Switchable Water

  • Author: ChemViews
  • Published Date: 12 October 2010
  • Source / Publisher: ChemSusChem/Wiley-VCH
  • Copyright: Wiley-VCH Verlag GmbH & Co. KGaA
thumbnail image: Switchable Water

Related Societies

“Salting out” is a standard method for separating water-soluble organic compounds from water. Salt is added to increase the polarity of the water, forcing the organic solute out of the aqueous solution. The water that remains, however, cannot be recycled or discarded without treatment.

Sean Mercer and Philip Jessop, Queen’s University, Canada, report examples of switchable ionic strength water through addition of amines. Aqueous solutions of N,N,N’,N’-tetramethyl-1,4-diaminobutane were capable of dissolving a large amount of the test organic compound, THF. Exposing the solution to CO2 triggered a change in the aqueous solution ionic strength so that the organic compound was forced out of solution. The change was reversible through heating or sparging with N2 or air to remove the CO2, although the reverse process was incomplete.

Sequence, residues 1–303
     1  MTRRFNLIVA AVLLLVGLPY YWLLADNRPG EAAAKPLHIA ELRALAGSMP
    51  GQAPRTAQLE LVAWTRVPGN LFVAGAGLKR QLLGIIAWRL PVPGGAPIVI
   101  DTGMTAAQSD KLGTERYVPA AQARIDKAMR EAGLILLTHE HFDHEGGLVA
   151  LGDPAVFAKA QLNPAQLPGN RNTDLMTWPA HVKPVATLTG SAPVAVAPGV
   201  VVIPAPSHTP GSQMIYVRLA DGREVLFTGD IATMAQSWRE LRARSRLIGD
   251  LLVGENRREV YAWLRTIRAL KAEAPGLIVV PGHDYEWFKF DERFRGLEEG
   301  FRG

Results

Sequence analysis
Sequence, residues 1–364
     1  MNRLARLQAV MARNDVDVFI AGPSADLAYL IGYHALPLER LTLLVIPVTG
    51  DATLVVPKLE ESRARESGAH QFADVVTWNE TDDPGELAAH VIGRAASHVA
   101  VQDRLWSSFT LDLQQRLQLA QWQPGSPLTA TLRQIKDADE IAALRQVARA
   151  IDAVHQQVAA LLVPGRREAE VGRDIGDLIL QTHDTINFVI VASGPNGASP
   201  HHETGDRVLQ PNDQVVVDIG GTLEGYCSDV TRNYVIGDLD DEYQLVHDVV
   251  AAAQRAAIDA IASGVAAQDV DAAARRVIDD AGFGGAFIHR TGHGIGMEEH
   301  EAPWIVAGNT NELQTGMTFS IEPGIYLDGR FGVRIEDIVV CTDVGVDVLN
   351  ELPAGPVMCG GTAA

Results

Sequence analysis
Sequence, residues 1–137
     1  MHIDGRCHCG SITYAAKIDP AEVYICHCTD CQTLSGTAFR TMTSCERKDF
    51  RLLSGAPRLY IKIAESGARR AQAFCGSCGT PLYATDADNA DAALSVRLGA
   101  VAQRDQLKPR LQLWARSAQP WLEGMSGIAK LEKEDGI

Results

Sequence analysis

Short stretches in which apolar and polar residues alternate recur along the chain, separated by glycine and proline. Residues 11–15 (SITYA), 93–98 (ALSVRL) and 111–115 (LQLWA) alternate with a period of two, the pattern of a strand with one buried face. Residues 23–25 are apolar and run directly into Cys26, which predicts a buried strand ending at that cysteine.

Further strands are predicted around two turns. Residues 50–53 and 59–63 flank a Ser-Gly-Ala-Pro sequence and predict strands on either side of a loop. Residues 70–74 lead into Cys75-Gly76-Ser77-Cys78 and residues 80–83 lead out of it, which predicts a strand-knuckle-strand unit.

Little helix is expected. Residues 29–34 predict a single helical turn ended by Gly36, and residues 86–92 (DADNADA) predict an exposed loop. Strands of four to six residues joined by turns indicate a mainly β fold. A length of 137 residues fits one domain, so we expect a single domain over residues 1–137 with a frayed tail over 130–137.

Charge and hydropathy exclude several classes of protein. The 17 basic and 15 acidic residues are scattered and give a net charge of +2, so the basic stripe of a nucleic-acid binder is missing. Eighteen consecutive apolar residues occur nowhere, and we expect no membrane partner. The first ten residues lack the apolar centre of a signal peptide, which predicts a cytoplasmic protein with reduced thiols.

Article Views: 4608

Sign in Area

Please sign in below

Additional Sign In options

Please note that to comment on an article you must be registered and logged in.
Registration is for free, you may already be registered to receive, e.g., the newsletter. When you register on this website, please ensure you view our terms and conditions. All comments are subject to moderation.

Article Comments - To add a comment please sign in

If you would like to reuse any content, in print or online, from ChemistryViews.org, please contact us first for permission and consult our permission guidance prior to making your request

Follow on Facebook Follow on Twitter Follow on YouTube Follow on LinkedIn Follow on Instagram RSS Sign up for newsletters

Magazine of Chemistry Europe (16 European Chemical Societies) published by Wiley-VCH